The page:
As mentioned in my previous piece I’ve been doing some prototyping using SpringSource’s Grails. Grails can be thought of as the top of the stack. If you pick up Grails you would naturally pull in the other pieces of SpringSource, including vFabric and ultimately CloudFoundry. In a future post I will deal with what happens when you stick Grails onto CloudFoundry, but at this stage I’ve been assessing the health of the SpringSource Ecosystem.
Successful Open Source initiatives run a fine balancing act between Utopian ideals of open Source Purists, and the hard-nosed commercial realities of paying developers to write good code. For Enterprises to adopt Open Source technology they need to be convinced that it is of good quality and properly supported and maintained by Vendors who are on a sound commercial footing. However, the innovation is driven by Open Source purists who in many cases are working pro-bono. Some of them are in the process of defining a business model with a view to becoming rich in due course, and some of them are just giving something back to society, either in their own time or by agreement with their employers.
The combination of interests is described as an “Ecosystem”, and it is important that it is balanced. Too little investment by established vendors, too little stability and supportability in the finished product. Too much dominance by established vendors and entrepreneurs don’t see opportunities, people stop doing “pro-bono” work and innovation slows .
The first thing to note is that the consumer of Grails is dependent upon the health of a number of interlinked Ecosystems. Grails is built on Spring, Groovy, Hibernate and, of course, Java (specifically JEE), and is developed in Eclipse and deployed onto Tomcat, and some relational database or other (VMware is strategically devaluing databases as well as Operating Systems) . These ecosystems are of different sizes and levels of maturity and have different control by VMware. Governance of Spring, Groovy and Grails is still tightly-held by SpringSource (i.e. VMware). Tomcat is an Apache project with an open governance model and Hibernate is controlled by Red Hat. There are thus hidden dependencies between Open Source Projects at the Vendor level. At my last post I hadn’t realized that Hibernate was part of the framework.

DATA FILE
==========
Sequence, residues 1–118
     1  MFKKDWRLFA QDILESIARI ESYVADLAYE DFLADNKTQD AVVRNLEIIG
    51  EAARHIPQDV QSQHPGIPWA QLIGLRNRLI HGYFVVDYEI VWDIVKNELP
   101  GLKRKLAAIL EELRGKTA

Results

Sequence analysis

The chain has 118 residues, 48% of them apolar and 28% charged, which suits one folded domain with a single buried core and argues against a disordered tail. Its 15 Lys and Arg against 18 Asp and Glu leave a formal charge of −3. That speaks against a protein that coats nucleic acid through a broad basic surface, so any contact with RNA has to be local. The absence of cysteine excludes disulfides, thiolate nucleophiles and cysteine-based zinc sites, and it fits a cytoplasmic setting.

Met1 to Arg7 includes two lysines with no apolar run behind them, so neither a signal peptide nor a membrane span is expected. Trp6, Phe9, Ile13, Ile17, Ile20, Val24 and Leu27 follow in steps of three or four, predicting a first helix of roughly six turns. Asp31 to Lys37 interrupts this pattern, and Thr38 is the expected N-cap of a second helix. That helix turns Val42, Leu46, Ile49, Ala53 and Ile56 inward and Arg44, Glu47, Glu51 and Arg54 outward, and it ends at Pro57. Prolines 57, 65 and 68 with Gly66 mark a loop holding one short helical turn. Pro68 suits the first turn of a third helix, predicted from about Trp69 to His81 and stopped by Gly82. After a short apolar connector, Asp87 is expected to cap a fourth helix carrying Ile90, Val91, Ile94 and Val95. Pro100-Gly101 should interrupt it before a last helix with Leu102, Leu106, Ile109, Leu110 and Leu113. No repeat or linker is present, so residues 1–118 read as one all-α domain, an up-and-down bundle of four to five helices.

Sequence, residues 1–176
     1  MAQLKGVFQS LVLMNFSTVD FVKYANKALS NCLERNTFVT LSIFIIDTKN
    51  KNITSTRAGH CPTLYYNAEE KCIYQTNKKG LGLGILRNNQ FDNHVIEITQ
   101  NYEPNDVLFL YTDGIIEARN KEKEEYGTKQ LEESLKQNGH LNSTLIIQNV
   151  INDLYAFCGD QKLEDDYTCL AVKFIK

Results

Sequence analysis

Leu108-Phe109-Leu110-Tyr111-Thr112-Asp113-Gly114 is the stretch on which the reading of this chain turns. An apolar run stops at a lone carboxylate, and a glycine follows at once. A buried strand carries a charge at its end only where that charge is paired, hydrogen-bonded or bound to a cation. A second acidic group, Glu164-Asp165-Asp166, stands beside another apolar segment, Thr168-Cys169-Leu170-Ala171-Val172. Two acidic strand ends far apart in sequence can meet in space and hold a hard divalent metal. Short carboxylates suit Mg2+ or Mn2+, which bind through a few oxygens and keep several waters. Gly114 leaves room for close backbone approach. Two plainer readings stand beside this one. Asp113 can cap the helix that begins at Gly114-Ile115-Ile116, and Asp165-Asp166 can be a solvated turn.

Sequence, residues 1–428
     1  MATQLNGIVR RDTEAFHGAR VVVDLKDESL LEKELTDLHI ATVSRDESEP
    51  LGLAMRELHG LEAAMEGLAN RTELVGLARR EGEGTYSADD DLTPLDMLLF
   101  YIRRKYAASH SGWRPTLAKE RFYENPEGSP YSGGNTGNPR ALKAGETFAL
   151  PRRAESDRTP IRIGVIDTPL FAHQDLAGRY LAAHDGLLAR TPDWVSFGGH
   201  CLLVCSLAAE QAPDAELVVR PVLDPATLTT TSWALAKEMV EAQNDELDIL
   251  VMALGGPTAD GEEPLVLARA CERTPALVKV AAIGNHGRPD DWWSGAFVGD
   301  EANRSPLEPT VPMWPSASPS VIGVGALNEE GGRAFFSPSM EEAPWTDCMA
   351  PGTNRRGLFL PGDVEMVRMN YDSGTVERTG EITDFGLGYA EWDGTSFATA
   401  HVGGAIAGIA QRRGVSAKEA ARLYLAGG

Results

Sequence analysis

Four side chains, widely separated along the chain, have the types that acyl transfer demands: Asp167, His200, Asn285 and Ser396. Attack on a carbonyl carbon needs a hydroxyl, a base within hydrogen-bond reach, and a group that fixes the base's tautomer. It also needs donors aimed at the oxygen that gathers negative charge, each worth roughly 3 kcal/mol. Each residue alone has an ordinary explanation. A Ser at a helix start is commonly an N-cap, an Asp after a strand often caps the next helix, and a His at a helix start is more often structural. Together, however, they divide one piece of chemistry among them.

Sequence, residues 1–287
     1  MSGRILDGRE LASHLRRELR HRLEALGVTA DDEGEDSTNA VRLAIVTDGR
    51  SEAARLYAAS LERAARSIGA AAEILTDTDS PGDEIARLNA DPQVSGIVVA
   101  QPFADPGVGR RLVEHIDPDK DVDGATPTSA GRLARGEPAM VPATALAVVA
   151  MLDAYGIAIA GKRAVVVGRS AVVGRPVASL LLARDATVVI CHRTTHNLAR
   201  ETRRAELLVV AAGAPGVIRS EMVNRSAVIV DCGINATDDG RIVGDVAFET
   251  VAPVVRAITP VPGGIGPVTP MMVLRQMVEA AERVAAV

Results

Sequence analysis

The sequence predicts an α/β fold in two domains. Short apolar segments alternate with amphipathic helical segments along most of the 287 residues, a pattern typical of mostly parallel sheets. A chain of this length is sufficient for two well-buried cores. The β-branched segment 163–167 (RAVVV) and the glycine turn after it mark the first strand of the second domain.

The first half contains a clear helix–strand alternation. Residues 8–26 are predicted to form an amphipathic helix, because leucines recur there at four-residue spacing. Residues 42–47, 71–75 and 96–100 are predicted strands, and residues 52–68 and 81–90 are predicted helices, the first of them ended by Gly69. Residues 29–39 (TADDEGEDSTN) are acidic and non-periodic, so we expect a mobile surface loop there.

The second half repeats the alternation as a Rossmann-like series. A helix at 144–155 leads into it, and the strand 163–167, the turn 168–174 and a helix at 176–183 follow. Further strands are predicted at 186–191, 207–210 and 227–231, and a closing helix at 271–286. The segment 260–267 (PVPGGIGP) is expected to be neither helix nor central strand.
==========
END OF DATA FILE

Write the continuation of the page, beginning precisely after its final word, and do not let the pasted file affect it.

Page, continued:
The first question is “does it all work”? The answer to that is that it does seem to work surprisingly well.You write a domain model (think of this as a textual version of an entity-relationship diagram) and with a few button-presses something approximating a web application drops out. Furthermore there is an incremental change path from the auto-generated application to something a bit more user-friendly. It must be said that my prototype isn’t very far down that path, but I can see that it could get there.
So far we have really been dealing with the quality of the software provided by SpringSource and Red Hat, not by the rest of the ecosystem, and here it gets interesting. The first area worth commenting on is the level of Documentation. An Ecosystem can be very good at enriching Open Source documentation both by posting formal structured documents and by asking/answering questions on newsgroups. As you go up the stack from Java through Hibernate, Spring, Tomcat and up to Groovy and Grails, the documentation gets noticeably thinner. Grails has quick-start and reference documentation from SpringSource which generally stops being useful as soon as you hit anything complex, but there is comprehensive tutorial documentation from another part of the Ecosystem, IBM. The level of newsgroup support for Grails is still quite limited, when searching for things you quite often end up back at the same posts you have already seen. Correspondingly, the Groovy layer is better documented, and Hibernate even better. I haven’t had to delve into the documentation of the other layers yet.
The second area of interest is plugins. In the previous article we mentioned Security plugins provided by SpringSource, but there are also free plugins provided by third parties from the Ecosystem. You would not necessarily expect these to be of as high quality as SpringSource’s own plugins, nor to be for core functionality, but they can enrich the framework very significantly. I looked at plugins to resolve the problem of keeping my entity-relationship diagram in sync with my code, and I found two ecosystem plugins that cna generate UML diagrams from Grails domain models. They both sort-of-worked, one worked really well. Documentation was limited, but it does seem that the Ecosystem is capable of (and motivated to) deliver useful function.
Finally, it’s worth noting the way that VMware is using its Springsource development tooling to market to developers. if you use the Eclipse development tooling provided by SpringSource (and everyone would), every time you start up a Spring/Groovy/grails project you get a “dashboard” with an RSS feed from SpringSource in the fetching green color-scheme, telling you about the latest tcServer seminar – how much cheaper it is than other application servers, announcing the availability of additional Eclipse plugin to put it onto CloudFoundry, offering training courses, pointing you at helpful videos about other SpringSource commercial offerings. They say “the hand that rocks the cradle is the hand that rules the world“, and for applications that are currently in their infancy, whilst VMware will let other members of the ecosystem help with the baby, it wants to make sure SpringSource has its hand on the cradle.
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